Hollywood Reporter Critics Pick the 10 Best Films of 2019 (So Far)

6:45 AM 6/17/2019

by THR Staff

THR reviewers' favorite movies of the first six months of the year include Pixar's latest, 'Toy Story 4'; Scorsese's new Dylan doc; Olivia Wilde's hall-of-fame teen comedy 'Booksmart'; and Colombian crime epic 'Birds of Passage.'

From left: 'The Last Black Man,' 'Booksmart' and 'The Souvenir'
From left: 'The Last Black Man,' 'Booksmart' and 'The Souvenir'
Courtesy Photos
  • 'Birds of Passage'

    Courtesy of Sundance Film Festival

    Cristina Gallego and Ciro Guerra's Colombian drama is like an indigenous Godfather, revealing the slow, steady destruction of a native family that gets caught up in the international drug trade in the '70s. Both ethnographic chronicle and thriller, it's a superbly crafted film from the team behind 2016 foreign-language Oscar nominee Embrace of the Serpent. — Jordan Mintzer

  • 'Booksmart'

    Annapurna Pictures

    Olivia Wilde delivers a fantastic directorial debut with this hilarious, blazingly paced teen comedy. The story of overachieving high school besties (played by Beanie Feldstein and Kaitlyn Dever) who embark on an epic night of bad behavior before graduation, the film is as raucous as Superbad — but with characters who are even more full of surprises. — John DeFore

  • 'The Last Black Man in San Francisco'

    Courtesy of Disney/Pixar

    Joe Talbot's artful, quietly funny debut joins the ranks of great San Francisco films with its original story of two black outcasts (Jimmie Fails and Jonathan Majors) navigating the city they grew up in, which has changed so dramatically. The movie powerfully ponders the question of whether you can find home again once you've lost it. — Todd McCarthy

  • 'Long Day's Journey Into Night'

    BFI London Film Festival

    In this mesmerizing cinematic feat by young Chinese auteur Bi Gan, dreams, memory and an unsolved murder are all part of a forlorn film noir. If the first half captivates with its elusive narrative of doomed lovers, the second part — shot in one continuous 50-minute take — is an immersive, jaw-dropping plunge into melancholy and movie magic. — J.M.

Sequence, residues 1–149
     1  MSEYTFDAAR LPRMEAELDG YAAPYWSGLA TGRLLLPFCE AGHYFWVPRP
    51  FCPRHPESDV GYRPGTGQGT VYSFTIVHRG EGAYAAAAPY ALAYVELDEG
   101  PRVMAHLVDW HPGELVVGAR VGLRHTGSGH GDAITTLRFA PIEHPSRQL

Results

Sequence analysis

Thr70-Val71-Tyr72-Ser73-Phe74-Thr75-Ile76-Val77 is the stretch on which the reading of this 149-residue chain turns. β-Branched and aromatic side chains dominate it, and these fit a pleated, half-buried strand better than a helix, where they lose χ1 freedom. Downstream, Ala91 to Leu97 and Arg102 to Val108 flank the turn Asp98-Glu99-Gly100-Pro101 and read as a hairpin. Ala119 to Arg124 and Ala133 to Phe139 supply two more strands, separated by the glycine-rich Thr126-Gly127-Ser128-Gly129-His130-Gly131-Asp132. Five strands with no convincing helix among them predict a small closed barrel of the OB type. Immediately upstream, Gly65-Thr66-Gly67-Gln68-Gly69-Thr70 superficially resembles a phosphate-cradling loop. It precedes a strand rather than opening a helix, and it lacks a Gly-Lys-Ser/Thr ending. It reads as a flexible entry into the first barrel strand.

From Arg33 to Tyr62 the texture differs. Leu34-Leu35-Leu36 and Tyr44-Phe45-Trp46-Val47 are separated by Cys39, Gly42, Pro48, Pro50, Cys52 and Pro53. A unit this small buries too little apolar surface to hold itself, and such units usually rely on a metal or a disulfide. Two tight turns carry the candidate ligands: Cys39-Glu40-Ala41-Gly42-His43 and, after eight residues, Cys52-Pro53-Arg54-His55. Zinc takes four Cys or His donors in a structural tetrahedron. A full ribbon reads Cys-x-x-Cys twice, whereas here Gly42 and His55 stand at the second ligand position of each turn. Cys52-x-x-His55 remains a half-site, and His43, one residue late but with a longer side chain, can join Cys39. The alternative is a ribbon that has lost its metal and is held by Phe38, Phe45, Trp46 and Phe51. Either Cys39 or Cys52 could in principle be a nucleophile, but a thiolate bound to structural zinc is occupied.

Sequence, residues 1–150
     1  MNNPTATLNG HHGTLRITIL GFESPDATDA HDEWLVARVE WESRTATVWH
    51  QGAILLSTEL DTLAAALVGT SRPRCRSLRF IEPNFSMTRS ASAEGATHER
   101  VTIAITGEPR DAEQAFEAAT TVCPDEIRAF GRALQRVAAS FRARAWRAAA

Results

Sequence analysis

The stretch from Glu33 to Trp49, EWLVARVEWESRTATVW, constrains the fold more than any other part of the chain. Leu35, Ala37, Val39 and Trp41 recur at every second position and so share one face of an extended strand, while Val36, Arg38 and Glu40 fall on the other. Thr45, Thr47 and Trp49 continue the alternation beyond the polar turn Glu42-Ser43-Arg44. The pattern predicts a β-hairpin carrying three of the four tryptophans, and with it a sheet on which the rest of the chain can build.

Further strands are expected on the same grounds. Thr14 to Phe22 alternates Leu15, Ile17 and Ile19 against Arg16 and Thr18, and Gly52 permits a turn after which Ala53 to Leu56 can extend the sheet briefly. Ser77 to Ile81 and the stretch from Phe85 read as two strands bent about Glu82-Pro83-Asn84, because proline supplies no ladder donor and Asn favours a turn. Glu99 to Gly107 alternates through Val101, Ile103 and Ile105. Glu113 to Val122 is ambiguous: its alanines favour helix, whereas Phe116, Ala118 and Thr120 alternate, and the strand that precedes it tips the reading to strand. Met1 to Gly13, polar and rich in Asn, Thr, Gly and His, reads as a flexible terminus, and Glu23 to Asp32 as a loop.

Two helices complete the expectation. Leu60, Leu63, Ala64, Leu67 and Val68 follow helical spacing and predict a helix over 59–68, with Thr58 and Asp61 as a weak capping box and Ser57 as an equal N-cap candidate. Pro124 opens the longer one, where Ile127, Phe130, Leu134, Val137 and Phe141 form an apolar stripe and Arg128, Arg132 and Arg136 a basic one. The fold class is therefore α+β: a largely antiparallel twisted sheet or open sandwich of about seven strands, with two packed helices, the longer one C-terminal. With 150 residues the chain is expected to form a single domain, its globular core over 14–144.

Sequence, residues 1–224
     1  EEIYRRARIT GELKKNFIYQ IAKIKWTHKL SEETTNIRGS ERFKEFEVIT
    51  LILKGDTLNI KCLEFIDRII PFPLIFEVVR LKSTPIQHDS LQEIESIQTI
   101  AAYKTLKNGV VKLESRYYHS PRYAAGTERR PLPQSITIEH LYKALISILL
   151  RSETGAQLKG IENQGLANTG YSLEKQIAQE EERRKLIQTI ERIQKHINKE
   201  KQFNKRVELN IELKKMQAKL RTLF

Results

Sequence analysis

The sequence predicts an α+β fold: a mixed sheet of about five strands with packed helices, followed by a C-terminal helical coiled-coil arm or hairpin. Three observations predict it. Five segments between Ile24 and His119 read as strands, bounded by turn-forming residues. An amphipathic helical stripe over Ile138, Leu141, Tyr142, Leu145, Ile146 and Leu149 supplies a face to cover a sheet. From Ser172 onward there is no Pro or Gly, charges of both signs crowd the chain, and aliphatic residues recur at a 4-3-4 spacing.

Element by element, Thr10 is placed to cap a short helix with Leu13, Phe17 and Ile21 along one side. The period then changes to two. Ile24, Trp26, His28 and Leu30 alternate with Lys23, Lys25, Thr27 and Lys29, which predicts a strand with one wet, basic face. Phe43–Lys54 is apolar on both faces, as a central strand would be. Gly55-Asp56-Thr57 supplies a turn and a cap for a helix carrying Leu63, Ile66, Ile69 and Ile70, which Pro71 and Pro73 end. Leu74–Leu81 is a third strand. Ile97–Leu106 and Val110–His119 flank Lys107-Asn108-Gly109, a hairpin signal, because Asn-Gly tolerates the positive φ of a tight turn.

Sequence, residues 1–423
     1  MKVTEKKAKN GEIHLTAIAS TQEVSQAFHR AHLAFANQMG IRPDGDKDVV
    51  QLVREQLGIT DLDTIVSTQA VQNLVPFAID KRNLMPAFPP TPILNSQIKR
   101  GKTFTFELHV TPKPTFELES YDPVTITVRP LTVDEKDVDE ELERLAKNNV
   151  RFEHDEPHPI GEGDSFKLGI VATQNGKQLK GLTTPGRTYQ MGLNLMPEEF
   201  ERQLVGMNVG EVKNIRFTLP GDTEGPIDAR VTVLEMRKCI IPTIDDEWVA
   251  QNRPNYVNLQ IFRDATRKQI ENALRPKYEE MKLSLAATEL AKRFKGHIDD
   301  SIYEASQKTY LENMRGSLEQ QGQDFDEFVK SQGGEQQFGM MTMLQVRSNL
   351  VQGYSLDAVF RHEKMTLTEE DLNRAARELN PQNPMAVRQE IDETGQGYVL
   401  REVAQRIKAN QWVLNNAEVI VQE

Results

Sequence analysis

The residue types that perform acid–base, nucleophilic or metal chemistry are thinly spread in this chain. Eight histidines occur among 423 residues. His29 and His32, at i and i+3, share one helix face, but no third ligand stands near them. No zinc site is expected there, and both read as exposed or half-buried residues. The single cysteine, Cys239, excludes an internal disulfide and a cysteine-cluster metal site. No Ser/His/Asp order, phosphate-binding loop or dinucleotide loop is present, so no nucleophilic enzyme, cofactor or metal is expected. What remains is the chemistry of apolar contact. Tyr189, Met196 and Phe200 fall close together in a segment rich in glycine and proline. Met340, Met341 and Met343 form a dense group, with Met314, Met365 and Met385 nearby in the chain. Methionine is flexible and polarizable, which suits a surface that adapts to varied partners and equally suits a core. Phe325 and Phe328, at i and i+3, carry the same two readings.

• 'Non-Fiction'

    Courtesy of Ad Vitam Distribution

    Olivier Assayas' witty, resonant, richly insightful comedy set in a Parisian publishing world gripped by change is further evidence of his gift for tackling grave subjects with the most ticklish of touches. Guillaume Canet stars as a conflicted editor, but a brilliant Juliette Binoche all but walks off with the film as his frustrated actress wife. — Jon Frosch

  • 'Rolling Thunder Revue: A Bob Dylan Story by Martin Scorsese'

    Courtesy of Netflix

    Martin Scorsese has made masterful music docs over the years, but none as playful or inventive as this film about Bob Dylan's wacky 1975 tour. Full of eye-opening musical performances, it also sparkles with tongue-in-cheek humor and surprising fictional interviews interwoven with actual ones. — Caryn James

  • 'Sorry Angel'

    Courtesy of Jean-Louis Fernandez

    French filmmaker Christophe Honoré's radiant and wrenching '90s-set drama traces the intertwining lives of a writer with AIDS and a student in the heat of his queer awakening. It's a vibrant, novelistic tale of love and friendship — and a perceptive, period-specific examination of gay male identity — luminously acted by leads Vincent Lacoste and Pierre Deladonchamps. — J.F.

  • 'The Souvenir'

    Courtesy of A24

    Honor Swinton Byrne (Tilda Swinton's daughter) gives a richly layered turn as an aspiring filmmaker drawn to Tom Burke's shifty stranger in Brit auteur Joanna Hogg's piercing, deeply personal latest. The quiet Hitchcockian strains, sharp observations and effortlessly confident, yet unshowy technique make it memorable. — David Rooney

  • 'Toy Story 4'

    Courtesy of Disney/Pixar

    In this wonderful fourth chapter in the Pixar franchise, Woody and Buzz Lightyear continue to face life post-Andy. New director Josh Cooley and voice cast additions like Keanu Reeves and Christina Hendricks — as well as a richer role for Annie Potts' Bo Peep — help ensure the usual standard of wit, imagination and magic. — T.M.

  • 'Us'

    Courtesy of Universal Studios

    Jordan Peele's terrifying and ambitious thriller follows a vacationing family (led by a superb Lupita Nyong'o) stalked by malevolent doppelgangers. Offering twists and ironies and false endings galore — as well as a surprising number of laughs — the film packs a punch. — J.D.

    This story appears in the June 19 issue of The Hollywood Reporter magazine. To receive the magazine, click here to subscribe.